Having Mainland Chinese relatives and Mainland Chinese international students at school has given me an interesting window into their consumer psyche.

For one thing their psyche is very different from even my Hong Kong relatives. When I took my Mainland cousin Candy to the Galleria, she stayed there for five hours. After that she still had to do a three-hour romp through the outlets in Folsom before calling it a day and driving off to San Francisco for another marathon shopping session.

I always thought my cousin was crazy.

Junior Manson Tung will be teaching at Hong Kong Summerbridge from June 21-August 15. He will be writing periodic blogs about his experience living, working, and traveling around Asia.

I also rolled my eyes when I discovered that some of my Country Day school friends packed entire suitcases filled with luxury products to bring back to the Mainland.

You could imagine my incredulous face when my cousin Vicky got into the same business. I can’t look at her Wexin—Think Facebook Messenger but with a lot more users and all in Chinese—page without getting an eyeful of Louis Vuitton and Juicy Couture.

But I now have to apologize to all those aforementioned people. Why? I have seen why they were shopping in America.

Welcome to the People’s Republic of China, where the tax on imported luxury goods is likely around 100 percent.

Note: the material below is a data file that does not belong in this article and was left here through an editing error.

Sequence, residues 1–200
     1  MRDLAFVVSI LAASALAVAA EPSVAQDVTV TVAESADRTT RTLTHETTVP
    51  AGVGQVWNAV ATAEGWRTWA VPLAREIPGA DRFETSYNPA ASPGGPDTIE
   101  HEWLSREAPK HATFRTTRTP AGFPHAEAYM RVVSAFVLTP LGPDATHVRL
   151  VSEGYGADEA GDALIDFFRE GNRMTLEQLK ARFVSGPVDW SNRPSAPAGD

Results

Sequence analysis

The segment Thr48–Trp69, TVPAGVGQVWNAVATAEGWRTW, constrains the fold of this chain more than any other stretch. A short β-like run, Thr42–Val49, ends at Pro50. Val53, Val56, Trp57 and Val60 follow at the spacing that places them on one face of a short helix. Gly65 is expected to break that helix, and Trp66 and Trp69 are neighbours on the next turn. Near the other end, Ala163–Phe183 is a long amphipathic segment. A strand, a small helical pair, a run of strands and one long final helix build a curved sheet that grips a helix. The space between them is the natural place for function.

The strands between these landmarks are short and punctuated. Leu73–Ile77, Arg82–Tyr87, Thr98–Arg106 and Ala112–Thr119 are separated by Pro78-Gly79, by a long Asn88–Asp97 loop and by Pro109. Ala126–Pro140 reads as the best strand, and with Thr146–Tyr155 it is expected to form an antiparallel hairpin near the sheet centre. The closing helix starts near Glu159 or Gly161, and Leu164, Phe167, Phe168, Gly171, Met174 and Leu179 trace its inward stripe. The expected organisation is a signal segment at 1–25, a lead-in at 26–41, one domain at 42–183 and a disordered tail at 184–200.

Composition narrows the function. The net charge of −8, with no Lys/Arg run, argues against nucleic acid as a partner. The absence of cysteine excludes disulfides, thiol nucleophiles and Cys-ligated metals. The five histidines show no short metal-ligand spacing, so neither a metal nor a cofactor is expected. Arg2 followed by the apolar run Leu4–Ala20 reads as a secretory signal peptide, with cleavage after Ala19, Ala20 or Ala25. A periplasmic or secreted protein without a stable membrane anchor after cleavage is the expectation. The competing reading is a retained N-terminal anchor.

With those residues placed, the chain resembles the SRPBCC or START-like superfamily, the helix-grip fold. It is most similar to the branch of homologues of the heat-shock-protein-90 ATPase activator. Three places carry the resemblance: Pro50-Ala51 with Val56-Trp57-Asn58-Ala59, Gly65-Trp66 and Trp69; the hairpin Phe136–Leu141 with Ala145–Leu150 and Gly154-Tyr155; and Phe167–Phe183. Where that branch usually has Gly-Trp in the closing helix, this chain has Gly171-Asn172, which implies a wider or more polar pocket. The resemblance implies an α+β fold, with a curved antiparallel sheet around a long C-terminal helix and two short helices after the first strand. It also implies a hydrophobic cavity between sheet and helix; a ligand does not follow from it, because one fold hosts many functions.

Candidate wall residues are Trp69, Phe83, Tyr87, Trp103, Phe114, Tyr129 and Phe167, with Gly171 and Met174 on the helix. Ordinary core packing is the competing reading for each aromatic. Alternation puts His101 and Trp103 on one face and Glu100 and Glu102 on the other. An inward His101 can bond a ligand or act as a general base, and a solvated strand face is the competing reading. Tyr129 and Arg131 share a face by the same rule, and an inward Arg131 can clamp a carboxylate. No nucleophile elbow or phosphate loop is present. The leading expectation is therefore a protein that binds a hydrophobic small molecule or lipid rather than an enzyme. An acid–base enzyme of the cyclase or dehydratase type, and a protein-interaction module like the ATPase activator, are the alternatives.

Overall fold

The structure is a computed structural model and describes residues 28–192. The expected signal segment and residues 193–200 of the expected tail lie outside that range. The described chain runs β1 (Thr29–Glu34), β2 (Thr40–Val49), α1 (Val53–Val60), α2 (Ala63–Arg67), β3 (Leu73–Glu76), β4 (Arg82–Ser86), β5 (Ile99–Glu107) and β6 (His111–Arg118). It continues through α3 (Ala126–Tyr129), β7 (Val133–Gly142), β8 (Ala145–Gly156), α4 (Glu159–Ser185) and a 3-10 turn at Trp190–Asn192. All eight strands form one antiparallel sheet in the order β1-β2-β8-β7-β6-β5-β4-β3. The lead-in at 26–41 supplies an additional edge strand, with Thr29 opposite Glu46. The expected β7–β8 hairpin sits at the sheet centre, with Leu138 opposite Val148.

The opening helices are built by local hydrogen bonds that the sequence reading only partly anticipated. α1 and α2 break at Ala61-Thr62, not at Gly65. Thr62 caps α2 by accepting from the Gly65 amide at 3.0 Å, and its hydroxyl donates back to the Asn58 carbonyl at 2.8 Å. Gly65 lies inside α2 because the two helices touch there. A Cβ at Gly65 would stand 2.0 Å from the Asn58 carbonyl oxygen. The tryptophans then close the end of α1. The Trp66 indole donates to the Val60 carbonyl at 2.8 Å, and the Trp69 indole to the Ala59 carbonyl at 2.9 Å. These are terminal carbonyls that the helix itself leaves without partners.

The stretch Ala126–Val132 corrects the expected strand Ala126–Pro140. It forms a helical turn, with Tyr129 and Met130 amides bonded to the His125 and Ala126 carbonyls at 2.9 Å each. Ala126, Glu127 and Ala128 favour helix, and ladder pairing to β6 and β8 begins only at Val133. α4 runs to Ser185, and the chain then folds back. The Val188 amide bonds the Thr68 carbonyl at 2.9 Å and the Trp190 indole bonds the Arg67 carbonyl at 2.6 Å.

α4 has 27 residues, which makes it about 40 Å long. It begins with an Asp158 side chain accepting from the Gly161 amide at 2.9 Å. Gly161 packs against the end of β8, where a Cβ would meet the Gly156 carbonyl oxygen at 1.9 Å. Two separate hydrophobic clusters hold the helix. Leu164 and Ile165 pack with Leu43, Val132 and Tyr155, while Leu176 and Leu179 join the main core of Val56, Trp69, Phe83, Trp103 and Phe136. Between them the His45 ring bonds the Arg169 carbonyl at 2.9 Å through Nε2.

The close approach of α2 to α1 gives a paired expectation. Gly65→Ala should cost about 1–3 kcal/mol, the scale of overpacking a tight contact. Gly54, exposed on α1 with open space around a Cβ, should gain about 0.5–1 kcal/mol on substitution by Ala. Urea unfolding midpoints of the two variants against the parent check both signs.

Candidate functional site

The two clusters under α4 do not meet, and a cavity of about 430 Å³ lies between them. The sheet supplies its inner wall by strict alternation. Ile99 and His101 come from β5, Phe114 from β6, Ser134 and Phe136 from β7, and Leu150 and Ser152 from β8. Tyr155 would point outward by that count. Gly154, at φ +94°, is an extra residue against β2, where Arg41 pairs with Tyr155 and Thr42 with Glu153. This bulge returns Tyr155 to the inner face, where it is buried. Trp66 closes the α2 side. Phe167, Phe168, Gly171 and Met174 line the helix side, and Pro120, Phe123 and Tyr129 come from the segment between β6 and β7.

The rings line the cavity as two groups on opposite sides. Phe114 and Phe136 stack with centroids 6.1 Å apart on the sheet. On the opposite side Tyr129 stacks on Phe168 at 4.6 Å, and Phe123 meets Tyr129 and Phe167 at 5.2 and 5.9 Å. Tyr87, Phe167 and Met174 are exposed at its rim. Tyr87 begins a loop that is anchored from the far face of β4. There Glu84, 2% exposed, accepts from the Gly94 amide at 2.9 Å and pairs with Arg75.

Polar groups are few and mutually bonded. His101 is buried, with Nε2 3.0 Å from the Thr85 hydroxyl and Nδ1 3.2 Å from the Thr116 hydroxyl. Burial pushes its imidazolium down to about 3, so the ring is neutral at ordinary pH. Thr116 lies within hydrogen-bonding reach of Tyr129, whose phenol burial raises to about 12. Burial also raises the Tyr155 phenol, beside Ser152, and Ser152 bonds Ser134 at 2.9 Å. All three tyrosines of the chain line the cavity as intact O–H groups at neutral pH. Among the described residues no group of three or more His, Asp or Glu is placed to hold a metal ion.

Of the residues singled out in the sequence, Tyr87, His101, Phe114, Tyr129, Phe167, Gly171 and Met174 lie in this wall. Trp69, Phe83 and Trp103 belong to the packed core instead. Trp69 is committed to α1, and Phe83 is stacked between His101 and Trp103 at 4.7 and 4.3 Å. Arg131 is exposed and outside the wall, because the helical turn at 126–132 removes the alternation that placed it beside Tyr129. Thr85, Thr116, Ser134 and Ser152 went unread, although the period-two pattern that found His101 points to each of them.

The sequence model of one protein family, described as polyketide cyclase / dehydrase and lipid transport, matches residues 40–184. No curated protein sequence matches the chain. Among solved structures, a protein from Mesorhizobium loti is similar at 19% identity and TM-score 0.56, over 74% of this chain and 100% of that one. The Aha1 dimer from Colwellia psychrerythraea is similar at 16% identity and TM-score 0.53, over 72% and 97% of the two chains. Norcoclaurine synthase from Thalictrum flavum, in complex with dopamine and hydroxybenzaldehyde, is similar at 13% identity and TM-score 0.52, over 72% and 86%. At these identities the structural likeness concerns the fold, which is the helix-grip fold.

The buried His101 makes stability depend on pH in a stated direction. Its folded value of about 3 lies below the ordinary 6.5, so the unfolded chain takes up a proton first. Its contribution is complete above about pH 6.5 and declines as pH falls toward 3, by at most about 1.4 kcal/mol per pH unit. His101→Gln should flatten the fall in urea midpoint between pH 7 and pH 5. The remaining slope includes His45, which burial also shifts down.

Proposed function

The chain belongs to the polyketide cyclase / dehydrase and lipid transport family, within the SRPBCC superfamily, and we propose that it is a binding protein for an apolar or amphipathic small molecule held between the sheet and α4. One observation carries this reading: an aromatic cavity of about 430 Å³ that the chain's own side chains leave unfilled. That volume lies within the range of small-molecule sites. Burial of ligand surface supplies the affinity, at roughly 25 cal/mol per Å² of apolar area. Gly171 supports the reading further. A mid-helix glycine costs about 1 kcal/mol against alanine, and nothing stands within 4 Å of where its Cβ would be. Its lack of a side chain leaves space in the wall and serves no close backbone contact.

My first shock came at Armani Exchange. In San Francisco, I almost picked up five graphic T-shirts for about $30 USD each. But the friend with whom I was shopping with said, “Think about it. Buy it when you’re in China if you still want it,”  because I already was loaded with shopping bags.

When I went to the International Finance Center mall in Shanghai and saw an Armani Exchange, I knew that I still wanted those shirts, mainly because I had taken “pack light” to an all new level. Turns out that in Asia, people air dry their clothes, so laundry takes a day or two instead of two hours. So my five days worth of clothes had suddenly became three.

Gucci is surrounded by velvet ropes to prevent the common people from interacting with their big shot clients. Unlike in the US, when people in Asia buy luxury goods, it isn’t by the item, but by suites of products. (Photo Courtesy of Tung)

Gucci is surrounded by velvet ropes to prevent the common people from interacting with their big shot clients. Unlike in the US, when people in Asia buy luxury goods, it isn’t by the item, but by suites of products. (Photo by Manson Tung)

But the same T-shirt, the exact same bloody T-shirt, was now the equivalent of $89 USD.

I might as well buy Emporio Armani, instead of Exchange.

Everything is expensive here in China: the clothes, the food, the suitcases, the electricity, the movie tickets, even the water.

If you think that movie tickets in the States are expensive, get ready to get action-star punched in the face by the prices here. An ordinary movie will set you back around 150 yuan (approx. $25 USD) without a student discount, and that is for a normal movie, no IMAX, no 3D.

The only thing that is cheap is labor. But my guess is that the massive population (1.35 billion officially) is what causes all the other goods to be expensive. With limited national resources besides labor, the government has had little choice but to facilitate the importation of massive amounts of goods. From the purchase of the U.S. pork supplier Smithfield to three-fold increases in New Zealand dairy exports, it seems that China’s insatiable desire for things has facilitated high prices.

So for the record, I understand your troubles now, Mainlander. I truly do.

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